American Civil War. World War I. World War II.
Korean War. Vietnam War. Iraq War. Global War on Terrorism.
Many of those who served in the halls of the Senate of Pennsylvania, as Members or Librarians, served in one of these conflicts. In the United States Army, Marine Corps, Air Force, Navy, Pennsylvania National Guard, and Pennsylvania Air National Guard, these brave individuals deployed all over the country and the world to protect the citizens of this nation.
This exhibit honors three Senate individuals who earned our nation's highest honor--the Medal of Honor--for their military service. In the Civil War, Captains John C. Delaney and William E. Miller fought with such valor they received Medals of Honor for heroism at Dabney's Mills and Gettysburg. Following in their footsteps during World War I, Colonel Joseph H. Thompson led a tank attack near Apremont, France and received the Medal of Honor in 1925. The two Medals of Honor on display, an un-awarded, modern medal and a 1904-style medal, represent the casts that would have been received by each of these featured individuals. Along with featured military decorations are official portraits, reproduced and original photographs, and transcribed interviews: all highlighting their service.
While Delaney, Miller, and Thompson are the most highly decorated of those who are featured here, they are far from the only Members who have served. Indeed, former Senators and their family members have also served in World War I (WWI) and World War II (WWII). Surviving primary sources like photographs, government documents, and physical artifacts connect individuals such as Major Charles A.P. Bartlett and former Senator Freeman Hankins to the conflicts. A Model 1917 helmet for example, like the hand-painted helmet on display, would have been worn by Charles A.P. Bartlett as he commanded a machine gun battalion in WWI. The military flag, presented to the family of former Senator Freeman Hankins for his service in the U.S. Army Medical Corps during WWII, acts to honor the veteran's memory. The photograph of John E. Jackson, grandfather of Senator Bartolotta and WWII Engine Mechanic, was taken while the Manhattan Project, the atomic operation that led to the end of WWII in 1945, was underway.
In the spirit of tradition, whether rooted in patriotism, family values, a passion for service, or all three, Members also engaged in modern military conflicts including the Korean War, Vietnam War, Iraq War, and the Global War on Terrorism. Past Senators, Senator Jack E. Wagner for example, served his nation and uplifted his comrades on and off the battlefield. Following his service in Vietnam, for which he was awarded the Purple Heart on display, he founded Pittsburgh Hires Veterans and serves on a number of nonprofit boards focused on assisting veterans. Present Senators, like Senator Devlin Robinson, served in the U.S. Marine Corps from 2001 to 2005 and fought in Nasiriyah, Al-Kut, Baghdad, and Fallujah in the very uniform on display. Uniforms and military mementos from other Members, including Senator Ryan P. Aument, Senator Cris Dush, former Senator John Pippy, and now-Congressman Guy Reschenthaler, connect the lives and legacies of the Members to each conflict.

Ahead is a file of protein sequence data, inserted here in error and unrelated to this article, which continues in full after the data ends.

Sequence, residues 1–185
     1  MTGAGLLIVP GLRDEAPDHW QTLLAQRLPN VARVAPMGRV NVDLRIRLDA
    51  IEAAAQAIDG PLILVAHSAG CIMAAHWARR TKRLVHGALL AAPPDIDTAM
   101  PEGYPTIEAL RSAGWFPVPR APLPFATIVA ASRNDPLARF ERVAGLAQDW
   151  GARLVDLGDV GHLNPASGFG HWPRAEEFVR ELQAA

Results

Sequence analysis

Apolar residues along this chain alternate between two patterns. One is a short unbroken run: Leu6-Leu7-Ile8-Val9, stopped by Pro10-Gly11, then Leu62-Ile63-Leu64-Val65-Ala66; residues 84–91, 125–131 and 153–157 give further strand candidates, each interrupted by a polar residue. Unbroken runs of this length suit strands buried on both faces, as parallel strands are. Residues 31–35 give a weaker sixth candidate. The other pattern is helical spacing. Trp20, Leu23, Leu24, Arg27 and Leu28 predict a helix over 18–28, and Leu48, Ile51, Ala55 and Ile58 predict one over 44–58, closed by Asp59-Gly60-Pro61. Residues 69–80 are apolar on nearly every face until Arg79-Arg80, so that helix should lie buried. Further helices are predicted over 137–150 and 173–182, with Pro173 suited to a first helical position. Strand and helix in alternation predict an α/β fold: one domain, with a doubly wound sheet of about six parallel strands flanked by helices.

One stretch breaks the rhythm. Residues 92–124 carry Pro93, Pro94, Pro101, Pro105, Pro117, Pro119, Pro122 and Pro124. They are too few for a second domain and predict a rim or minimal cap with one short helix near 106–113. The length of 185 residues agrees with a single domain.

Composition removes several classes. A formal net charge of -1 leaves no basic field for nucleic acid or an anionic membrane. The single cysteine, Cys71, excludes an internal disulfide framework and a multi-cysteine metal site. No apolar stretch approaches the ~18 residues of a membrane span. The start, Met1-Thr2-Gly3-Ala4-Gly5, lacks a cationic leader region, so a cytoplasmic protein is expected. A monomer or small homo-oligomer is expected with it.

In the Pennsylvania Legislature, those same individuals fought for another sacred cause--that of their constituents—through their representation of Senatorial Districts in the Pennsylvania Senate. These public servants, in addition to serving their nation, spent years representing the people of the Commonwealth as Senators and Senate Librarians. Join the Senate Library in honoring the memory of the many Members of the Senate of Pennsylvania whose lives were distinguished by service to both the people of the Commonwealth and the nation.
The Library of the Senate extends heartfelt gratitude to the Members and their families for their service, as well as their willingness to share it with all who visit Pennsylvania's Capitol Building. This exhibition is presented by the Library of the Senate of Pennsylvania with collaboration from the Capitol Preservation Committee, the Pennsylvania State Museum, and the Pennsylvania House Archives.